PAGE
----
A man who threatened to create a deportation force that would invade private homes without due process, shut down mosques, torture the families of suspected terrorists, "open up" the libel laws and revoke the citizenship of people exercising their right to free speech has been elected president of the United States. He will take an oath to uphold the same Constitution that he repeatedly pledged to violate.
For those committed to resisting his policies, a rethinking of federalism — the idea that the states and other localities retain sovereign powers and that the federal government, including Congress and the president, is limited in what it can do — might be the most effective tool, especially if other constitutional checks fail.
The separation of powers at the federal level might be of help if a few Republican Senators stand up for constitutional rights, but it is also likely that the Republican Congress will support him.
The federal courts might strike down presidential actions as unconstitutional, but court cases often take time, and eventually, with a potential record number of vacancies to fill, President Trump will have a role in reshaping the judiciary. It's possible that all three branches of the federal government could be populated with Trump supporters. The system of checks and balances that were designed to be a safeguard against government abuse would be neutralized.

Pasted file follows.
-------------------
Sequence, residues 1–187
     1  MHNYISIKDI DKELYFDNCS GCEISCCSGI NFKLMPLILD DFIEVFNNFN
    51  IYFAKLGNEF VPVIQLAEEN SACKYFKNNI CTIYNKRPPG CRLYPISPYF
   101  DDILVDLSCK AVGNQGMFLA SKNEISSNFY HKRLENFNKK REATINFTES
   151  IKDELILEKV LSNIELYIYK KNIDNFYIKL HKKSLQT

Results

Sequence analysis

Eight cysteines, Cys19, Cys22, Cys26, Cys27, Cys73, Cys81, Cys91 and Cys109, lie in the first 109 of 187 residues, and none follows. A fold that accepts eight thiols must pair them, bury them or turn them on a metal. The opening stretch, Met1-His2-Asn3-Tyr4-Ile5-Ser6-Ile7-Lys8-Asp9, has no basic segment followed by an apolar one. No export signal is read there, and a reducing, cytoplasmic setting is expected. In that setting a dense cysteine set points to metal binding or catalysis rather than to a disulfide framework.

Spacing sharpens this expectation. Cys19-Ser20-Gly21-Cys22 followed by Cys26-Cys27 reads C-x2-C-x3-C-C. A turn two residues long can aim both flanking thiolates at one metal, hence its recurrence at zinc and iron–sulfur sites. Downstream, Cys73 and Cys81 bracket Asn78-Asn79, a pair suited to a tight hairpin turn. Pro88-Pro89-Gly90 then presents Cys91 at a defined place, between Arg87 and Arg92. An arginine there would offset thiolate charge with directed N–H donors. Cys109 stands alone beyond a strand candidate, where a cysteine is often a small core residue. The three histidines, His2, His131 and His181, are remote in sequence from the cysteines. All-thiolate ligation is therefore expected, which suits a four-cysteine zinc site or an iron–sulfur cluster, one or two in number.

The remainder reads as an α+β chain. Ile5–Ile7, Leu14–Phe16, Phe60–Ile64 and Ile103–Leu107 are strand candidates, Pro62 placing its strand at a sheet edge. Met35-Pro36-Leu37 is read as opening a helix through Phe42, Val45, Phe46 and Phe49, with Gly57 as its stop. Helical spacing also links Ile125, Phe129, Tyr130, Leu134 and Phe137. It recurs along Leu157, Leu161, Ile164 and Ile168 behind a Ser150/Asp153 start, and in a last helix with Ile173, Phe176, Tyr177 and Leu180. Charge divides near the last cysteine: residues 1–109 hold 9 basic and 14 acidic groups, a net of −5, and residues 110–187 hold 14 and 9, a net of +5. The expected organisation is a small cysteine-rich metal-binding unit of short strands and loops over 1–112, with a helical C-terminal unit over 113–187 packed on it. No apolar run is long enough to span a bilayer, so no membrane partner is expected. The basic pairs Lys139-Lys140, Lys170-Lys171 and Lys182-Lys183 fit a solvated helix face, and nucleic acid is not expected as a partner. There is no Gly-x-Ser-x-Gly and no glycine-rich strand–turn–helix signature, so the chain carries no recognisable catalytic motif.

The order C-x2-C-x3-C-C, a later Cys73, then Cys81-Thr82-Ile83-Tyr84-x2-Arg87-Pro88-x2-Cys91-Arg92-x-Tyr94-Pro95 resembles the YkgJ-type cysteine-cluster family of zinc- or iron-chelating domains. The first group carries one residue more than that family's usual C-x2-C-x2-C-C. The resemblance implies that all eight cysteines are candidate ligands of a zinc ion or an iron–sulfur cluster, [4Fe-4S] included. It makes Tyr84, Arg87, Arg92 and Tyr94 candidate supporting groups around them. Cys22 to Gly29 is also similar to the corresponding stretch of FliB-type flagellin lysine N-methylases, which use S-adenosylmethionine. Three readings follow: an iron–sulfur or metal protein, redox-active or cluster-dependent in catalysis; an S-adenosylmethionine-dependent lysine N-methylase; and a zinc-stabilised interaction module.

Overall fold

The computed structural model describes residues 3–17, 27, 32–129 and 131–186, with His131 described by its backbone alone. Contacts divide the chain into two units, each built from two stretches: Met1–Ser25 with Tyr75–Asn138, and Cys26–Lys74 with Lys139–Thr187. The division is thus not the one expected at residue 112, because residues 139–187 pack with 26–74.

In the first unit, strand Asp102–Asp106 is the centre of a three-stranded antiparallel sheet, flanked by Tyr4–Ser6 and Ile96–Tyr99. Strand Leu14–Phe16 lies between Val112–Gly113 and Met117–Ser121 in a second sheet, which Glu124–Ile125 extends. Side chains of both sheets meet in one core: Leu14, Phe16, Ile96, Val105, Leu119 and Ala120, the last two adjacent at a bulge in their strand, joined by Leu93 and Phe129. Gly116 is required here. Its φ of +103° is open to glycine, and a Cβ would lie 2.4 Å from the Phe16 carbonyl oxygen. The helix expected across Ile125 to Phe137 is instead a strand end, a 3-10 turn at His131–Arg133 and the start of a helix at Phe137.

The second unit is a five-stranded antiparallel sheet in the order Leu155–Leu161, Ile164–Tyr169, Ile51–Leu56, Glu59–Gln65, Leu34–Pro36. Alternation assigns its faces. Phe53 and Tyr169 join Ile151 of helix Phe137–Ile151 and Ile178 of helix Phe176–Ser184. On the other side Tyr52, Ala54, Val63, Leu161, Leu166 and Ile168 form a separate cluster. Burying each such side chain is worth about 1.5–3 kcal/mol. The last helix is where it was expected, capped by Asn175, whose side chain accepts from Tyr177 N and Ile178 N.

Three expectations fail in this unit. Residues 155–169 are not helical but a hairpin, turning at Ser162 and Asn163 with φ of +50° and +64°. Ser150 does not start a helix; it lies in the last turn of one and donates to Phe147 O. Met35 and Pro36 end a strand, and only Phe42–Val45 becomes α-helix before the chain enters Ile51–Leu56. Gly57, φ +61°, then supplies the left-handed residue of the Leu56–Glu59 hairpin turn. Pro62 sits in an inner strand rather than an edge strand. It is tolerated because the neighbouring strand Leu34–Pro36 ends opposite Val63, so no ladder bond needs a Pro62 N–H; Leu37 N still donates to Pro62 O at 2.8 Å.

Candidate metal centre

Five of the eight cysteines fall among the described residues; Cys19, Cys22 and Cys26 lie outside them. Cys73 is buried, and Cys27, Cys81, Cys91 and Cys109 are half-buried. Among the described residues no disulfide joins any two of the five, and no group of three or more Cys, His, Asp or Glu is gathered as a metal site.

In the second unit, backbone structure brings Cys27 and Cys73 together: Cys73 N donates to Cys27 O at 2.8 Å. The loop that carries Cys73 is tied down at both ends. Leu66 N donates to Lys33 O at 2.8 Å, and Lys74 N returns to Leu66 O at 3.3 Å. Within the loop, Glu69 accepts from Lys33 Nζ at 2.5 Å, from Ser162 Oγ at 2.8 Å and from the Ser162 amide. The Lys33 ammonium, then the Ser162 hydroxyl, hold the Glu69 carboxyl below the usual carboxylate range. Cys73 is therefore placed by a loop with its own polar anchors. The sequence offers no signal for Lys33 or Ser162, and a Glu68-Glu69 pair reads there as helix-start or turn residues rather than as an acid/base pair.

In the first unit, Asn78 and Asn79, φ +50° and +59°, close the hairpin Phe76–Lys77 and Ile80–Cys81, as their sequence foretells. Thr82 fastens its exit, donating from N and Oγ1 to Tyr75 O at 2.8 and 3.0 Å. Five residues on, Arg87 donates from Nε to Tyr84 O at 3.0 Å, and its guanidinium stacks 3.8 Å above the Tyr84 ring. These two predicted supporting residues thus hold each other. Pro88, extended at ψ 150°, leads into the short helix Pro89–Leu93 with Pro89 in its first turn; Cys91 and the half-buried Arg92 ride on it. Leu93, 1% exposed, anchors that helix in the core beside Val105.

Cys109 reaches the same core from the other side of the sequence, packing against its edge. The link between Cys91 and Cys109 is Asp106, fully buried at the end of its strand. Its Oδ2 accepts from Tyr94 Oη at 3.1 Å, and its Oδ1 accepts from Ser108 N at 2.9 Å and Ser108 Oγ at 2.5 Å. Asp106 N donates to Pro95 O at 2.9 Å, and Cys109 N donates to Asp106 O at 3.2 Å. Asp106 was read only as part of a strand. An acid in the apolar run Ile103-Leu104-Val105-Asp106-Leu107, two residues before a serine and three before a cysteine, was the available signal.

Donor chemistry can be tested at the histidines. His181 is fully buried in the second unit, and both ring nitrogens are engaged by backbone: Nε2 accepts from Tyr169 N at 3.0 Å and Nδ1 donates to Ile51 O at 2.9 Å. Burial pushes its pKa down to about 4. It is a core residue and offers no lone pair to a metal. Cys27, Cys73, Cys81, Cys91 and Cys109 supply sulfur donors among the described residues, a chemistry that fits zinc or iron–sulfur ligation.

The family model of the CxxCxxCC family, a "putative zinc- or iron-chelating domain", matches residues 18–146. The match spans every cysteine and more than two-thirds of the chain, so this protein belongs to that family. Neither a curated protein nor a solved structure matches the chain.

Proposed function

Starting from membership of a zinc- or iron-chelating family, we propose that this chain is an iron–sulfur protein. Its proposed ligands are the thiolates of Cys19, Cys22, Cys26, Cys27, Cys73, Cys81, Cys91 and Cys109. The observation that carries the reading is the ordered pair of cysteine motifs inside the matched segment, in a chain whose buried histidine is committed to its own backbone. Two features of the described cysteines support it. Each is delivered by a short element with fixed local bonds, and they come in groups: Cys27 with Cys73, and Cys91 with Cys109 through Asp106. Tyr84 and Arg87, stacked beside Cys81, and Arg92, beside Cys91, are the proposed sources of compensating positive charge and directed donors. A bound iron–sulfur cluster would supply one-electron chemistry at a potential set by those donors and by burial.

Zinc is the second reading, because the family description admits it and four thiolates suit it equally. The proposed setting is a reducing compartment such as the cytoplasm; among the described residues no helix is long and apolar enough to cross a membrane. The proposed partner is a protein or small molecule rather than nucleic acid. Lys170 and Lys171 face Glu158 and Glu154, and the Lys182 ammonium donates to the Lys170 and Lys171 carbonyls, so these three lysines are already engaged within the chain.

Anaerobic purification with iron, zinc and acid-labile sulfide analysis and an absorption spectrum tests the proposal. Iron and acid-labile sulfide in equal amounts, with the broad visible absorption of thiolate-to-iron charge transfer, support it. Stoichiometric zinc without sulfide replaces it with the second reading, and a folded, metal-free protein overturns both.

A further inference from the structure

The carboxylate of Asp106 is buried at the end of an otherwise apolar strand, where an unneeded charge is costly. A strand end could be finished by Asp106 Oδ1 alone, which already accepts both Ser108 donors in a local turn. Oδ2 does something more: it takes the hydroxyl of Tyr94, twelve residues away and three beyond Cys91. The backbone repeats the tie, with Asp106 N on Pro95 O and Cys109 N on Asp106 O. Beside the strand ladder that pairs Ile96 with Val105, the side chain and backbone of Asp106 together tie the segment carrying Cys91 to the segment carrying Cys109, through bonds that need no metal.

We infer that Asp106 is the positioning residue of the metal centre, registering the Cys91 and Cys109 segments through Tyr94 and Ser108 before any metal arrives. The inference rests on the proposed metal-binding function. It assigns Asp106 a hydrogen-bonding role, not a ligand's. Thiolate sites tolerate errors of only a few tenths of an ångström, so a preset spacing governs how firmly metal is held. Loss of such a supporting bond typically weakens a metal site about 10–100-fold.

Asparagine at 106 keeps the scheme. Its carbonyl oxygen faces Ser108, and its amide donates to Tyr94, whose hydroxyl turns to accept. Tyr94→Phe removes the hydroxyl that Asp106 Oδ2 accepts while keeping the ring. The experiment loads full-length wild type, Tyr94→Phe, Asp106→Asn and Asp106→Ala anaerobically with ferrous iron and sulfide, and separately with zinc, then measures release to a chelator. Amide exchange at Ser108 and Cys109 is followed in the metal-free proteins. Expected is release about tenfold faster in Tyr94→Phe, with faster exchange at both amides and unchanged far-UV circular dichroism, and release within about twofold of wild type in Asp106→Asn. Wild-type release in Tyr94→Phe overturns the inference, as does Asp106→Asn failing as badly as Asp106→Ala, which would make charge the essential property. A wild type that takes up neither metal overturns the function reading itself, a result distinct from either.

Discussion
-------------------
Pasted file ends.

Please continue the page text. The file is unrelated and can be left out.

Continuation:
What can be done to resist unconstitutional policies enacted into law by President Trump and his Congress, and upheld by his Supreme Court?
Constitutional resistance can and should come at the state level. California has already signaled its readiness to resist unconstitutional federal action. Assembly Speaker Anthony Rendon and Senate President Pro Tem Kevin de Leon stated recently: “We will lead the resistance to any effort that would shred our social fabric or our Constitution.” The governor, Jerry Brown, reiterated this commitment to fight unconstitutional actions.